(It's useful to note that while Aircell has chosen to use a cellular standard for its air-to-ground communication — EVDO Rev. A, the same as used on Verizon and Sprint's terrestrial networks — that's just the protocol. There's no cellular "picocell" on board, and no cell component for this service unless your phone has a Wi-Fi mode.)

It's likely that any passenger trying to circumvent the limit will face other passengers' ill will and enforcement of American's ban by cabin crew, as well as technical difficulties. Backelin noted, "I don't think the US public wants that [voice calling] on aircraft." The FCC received several thousands of negative comments about in-flight calling over a few years when they solicited public input on the idea.

In Europe, Air France is testing a different system from OnAir on a single aircraft that allows text messages, GRPS data, and voice calls, although voice calling can be disabled. RyanAir is slated any time now to launch OnAir's satellite-based service, too, with voice calling at rates of $2.50 per minute or more that complement their no-frills, low-cost flights.

The service initially won't have any cached content on board, although Aircell's Bijur said that the company built an 800 gigabyte server into their offering. FAA airworthiness certification is rather elaborate, and it's far easier to build what you don't need into a system before it gets certified than modify it later. (That's also why the 767-200 fleet at American gets this service first: the Wi-Fi offering is approved on a model-by-model basis for aircraft.)

The 800 GB will likely be used for something. American's Backelin said that they were looking at putting media on board, and Bijur noted that they want to conquer offering Internet service from, but it's an obvious future part of their plans; he suggested an on-demand service could be one offering.

Bijur cautioned that tomorrow's test will provide the airline and his firm with lots of feedback, but wouldn't reflect real usage patterns when people start paying. "We're excited to see exactly what the results will look like when we go flying tomorrow," he said, but, "Everybody likes free ice cream."

The initial pricing could be mitigated through roaming partners, such as iPass, which resells worldwide hotspot and dial-up access to corporate customers and individuals, and has a deal in place with Aircell's Gogo; roaming pricing hasn't been set yet, however. American's Backelin said that the company would likely start tinkering with offerings towards the end of their pilot phase, which could include special deals for frequent flyers.

Smartphone users might hit a quandary with Gogo: many but not all phones that include both cellular and Wi-Fi radios let you turn off the cell part, but leave Wi-Fi enabled. The current iPhone 1.x software does not, but Apple told me in a briefing at the iPhone 3G announcement that the iPhone 2 software would include a way to disable everything but the Wi-Fi service.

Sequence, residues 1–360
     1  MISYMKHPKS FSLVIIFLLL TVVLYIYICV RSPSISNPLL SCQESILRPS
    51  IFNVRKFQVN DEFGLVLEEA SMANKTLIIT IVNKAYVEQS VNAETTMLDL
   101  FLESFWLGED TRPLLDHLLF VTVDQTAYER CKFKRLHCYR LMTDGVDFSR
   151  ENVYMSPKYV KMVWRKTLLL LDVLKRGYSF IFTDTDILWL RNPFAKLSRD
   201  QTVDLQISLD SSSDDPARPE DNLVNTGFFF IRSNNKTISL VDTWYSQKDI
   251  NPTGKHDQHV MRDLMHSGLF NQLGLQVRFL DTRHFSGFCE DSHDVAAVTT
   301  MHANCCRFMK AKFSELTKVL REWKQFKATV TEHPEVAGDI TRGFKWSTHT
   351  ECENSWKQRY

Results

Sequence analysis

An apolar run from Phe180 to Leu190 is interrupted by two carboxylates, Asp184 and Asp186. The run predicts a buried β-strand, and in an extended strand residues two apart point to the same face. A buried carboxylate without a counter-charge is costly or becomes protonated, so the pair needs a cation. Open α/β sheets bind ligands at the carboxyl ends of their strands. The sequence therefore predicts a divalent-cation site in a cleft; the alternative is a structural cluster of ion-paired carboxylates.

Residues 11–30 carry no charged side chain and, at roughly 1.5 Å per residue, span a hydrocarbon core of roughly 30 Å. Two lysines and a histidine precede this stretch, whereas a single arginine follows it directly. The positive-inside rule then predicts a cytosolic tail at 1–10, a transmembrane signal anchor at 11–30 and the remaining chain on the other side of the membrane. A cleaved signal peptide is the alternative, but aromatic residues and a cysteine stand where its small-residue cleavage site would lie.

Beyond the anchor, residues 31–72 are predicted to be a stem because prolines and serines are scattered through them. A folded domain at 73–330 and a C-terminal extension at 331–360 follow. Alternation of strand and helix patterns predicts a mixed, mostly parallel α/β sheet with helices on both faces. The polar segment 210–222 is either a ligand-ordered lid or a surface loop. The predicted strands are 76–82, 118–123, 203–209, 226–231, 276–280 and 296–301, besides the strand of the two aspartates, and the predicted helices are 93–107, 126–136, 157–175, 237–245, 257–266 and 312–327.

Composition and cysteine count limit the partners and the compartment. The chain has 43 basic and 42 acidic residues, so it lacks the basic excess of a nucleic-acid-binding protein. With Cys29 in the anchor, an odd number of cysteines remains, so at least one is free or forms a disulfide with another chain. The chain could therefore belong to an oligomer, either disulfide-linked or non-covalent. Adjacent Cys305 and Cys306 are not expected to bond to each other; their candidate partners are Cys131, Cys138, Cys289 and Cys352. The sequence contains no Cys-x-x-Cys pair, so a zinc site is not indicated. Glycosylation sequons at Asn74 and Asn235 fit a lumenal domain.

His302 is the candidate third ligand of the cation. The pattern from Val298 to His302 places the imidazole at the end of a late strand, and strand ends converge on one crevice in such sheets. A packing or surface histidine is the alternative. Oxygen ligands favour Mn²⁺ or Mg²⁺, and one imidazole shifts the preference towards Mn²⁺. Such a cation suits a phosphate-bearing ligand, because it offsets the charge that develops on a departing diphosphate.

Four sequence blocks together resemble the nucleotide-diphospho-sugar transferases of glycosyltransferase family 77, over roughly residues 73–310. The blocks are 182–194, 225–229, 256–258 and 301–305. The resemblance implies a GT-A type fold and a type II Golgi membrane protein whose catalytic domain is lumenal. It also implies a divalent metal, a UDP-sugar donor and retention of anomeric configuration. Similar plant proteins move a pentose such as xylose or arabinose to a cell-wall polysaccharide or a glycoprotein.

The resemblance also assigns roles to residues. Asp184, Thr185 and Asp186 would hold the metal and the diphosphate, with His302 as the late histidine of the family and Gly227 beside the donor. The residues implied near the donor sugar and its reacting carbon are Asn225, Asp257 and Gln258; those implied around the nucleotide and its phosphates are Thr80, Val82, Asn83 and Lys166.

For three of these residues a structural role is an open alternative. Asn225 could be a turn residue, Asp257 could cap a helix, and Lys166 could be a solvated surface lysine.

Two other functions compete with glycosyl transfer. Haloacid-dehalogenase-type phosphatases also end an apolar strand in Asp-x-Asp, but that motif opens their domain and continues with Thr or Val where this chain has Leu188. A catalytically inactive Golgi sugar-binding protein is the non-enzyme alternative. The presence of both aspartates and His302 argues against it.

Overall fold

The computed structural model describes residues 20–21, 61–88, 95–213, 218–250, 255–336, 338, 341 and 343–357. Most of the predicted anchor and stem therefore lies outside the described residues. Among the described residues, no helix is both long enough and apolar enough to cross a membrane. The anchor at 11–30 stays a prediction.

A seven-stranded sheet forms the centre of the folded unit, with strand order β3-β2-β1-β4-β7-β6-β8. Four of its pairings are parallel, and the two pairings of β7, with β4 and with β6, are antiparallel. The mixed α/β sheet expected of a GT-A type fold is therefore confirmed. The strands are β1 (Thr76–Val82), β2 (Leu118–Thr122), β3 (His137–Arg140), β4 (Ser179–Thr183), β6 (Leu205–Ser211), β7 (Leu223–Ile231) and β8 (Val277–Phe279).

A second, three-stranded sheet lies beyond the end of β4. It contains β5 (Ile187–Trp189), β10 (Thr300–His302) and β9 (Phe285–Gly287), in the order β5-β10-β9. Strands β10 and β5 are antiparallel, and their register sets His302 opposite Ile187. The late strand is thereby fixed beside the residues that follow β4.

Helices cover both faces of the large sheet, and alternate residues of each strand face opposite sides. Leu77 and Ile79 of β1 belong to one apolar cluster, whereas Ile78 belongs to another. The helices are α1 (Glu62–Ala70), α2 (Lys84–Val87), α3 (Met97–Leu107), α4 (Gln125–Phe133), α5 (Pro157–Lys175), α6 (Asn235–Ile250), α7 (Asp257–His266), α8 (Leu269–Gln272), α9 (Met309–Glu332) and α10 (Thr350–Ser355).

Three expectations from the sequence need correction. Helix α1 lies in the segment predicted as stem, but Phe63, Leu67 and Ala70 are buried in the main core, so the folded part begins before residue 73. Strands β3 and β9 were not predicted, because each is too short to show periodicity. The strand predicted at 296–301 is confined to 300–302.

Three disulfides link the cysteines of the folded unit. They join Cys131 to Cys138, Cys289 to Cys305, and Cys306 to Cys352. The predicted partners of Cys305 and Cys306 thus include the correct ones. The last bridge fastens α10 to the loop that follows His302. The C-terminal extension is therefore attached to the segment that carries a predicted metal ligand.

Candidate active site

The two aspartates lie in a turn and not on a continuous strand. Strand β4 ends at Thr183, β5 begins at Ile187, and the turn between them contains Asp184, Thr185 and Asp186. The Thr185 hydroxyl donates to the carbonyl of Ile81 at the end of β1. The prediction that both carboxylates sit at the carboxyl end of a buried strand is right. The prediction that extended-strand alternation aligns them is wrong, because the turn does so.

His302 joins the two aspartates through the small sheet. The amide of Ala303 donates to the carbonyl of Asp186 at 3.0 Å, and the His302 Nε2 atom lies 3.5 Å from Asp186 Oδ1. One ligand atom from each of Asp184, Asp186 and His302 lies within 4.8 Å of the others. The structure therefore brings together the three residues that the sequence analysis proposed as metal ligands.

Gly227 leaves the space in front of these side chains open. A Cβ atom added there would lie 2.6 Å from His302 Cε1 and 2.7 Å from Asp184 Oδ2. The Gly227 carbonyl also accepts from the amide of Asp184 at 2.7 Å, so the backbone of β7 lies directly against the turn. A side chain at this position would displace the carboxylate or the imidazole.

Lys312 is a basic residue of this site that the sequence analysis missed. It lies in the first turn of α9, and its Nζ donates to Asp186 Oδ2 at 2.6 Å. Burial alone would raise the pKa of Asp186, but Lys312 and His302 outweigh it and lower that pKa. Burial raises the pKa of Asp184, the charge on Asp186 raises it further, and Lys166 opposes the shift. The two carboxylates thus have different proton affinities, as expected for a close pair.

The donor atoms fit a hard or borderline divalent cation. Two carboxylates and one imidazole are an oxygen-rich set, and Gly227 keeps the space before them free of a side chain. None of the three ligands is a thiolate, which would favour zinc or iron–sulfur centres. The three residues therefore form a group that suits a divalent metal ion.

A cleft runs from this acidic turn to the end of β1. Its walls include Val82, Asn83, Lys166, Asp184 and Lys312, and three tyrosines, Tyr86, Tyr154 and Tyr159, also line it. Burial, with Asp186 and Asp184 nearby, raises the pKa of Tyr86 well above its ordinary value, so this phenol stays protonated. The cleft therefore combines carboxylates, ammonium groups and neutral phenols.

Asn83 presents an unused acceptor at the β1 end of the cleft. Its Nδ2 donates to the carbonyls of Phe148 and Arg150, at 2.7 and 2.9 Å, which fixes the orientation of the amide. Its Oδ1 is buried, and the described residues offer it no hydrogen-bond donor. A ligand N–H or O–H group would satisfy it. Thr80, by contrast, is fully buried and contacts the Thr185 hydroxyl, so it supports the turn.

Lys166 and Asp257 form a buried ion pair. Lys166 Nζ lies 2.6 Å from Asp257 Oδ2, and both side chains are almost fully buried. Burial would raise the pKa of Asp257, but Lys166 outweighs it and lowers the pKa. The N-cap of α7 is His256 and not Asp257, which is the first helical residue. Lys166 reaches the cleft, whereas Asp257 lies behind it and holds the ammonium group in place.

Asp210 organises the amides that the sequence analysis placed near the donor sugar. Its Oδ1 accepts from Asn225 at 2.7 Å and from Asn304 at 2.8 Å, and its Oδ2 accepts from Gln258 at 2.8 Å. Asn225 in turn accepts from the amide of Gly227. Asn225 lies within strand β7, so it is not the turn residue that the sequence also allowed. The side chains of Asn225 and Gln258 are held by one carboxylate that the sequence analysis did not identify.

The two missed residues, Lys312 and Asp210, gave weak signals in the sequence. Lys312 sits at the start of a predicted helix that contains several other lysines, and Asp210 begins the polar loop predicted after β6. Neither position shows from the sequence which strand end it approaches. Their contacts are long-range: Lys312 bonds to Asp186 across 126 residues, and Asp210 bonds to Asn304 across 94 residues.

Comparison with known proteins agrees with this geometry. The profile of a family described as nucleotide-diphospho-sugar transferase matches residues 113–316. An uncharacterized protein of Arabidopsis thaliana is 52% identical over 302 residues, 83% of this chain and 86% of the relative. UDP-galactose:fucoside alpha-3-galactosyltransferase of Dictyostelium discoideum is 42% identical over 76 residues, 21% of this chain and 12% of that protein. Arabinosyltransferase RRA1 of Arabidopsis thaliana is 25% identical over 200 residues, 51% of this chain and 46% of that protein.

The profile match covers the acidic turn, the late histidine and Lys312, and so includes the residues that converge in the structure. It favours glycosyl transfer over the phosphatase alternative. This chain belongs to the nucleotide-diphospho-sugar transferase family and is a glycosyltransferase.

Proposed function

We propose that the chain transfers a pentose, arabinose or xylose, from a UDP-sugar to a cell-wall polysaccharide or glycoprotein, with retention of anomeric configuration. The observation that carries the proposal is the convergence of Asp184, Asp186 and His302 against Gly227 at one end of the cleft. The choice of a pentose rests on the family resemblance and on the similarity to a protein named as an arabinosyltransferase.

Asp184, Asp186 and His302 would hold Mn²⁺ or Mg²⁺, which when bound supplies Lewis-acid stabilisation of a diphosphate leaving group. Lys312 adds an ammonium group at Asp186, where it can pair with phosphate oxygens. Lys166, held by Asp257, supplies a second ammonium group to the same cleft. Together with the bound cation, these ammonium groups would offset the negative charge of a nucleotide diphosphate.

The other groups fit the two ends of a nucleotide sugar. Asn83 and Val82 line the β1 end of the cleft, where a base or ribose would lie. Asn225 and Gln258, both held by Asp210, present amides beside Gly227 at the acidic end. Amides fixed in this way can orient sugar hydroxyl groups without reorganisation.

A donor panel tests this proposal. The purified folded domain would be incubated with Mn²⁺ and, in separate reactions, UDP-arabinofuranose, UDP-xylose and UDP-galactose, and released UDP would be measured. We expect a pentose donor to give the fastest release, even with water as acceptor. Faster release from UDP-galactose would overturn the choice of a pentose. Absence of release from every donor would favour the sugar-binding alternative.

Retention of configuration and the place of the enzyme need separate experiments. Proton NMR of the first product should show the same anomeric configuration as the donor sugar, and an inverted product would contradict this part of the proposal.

Xeni noted in the interview that on an airline — not American — she "tried to do something with my iPhone while it was in airplane mode, and got into a fight" with a crew member over whether such a mode existed. The iPhone and other smartphones typically show a small plane or radio logo when they're in such a mode.

Backelin agreed that it would be an education process for flight crew, made harder by the "plethora of devices out there with a plethora of means to turn on various aspects or not."

When all 15 Boeing 767-200s are pressed into service, American's JFK/LAX route will have Gogo on every plane, as they only fly that equipment. The JFK/SFO and JFK/MIA routes have multiple aircraft types, and you'll need to check whether a 767-200 is in use for the flight you want. And be disappointed if there's an equipment swap after you book, as sometimes happens.

This model of plane has an Empower DC power port at every seat in first-class and business, and in a "scatter pattern" throughout coach. The airline has a schematic of the plane and where power is located if you want to book seats for that reason. Laptops and mobiles require an adapter, which costs from $30 to $50, often as part of a universal car and plane kit.

Scatter diagram: Link.

The two folks Xeni and I spoke with had a genuine attitude of excitement about the launch. I've been talking to Aircell for years about their service, and it must be rather neat to be this close to making it happen. And American's Backelin confessed that he and a colleague in engineering "have been working on this since 1999."

Ladies and gentleman, start your connections!

More on American Airlines' WiFi offering:

More on Gogo (the consumer brand for AirCell's in-flight internet product:


American and Virgin America to launch in-flight WiFi soon

(Thanks, Glenn Fleishman!)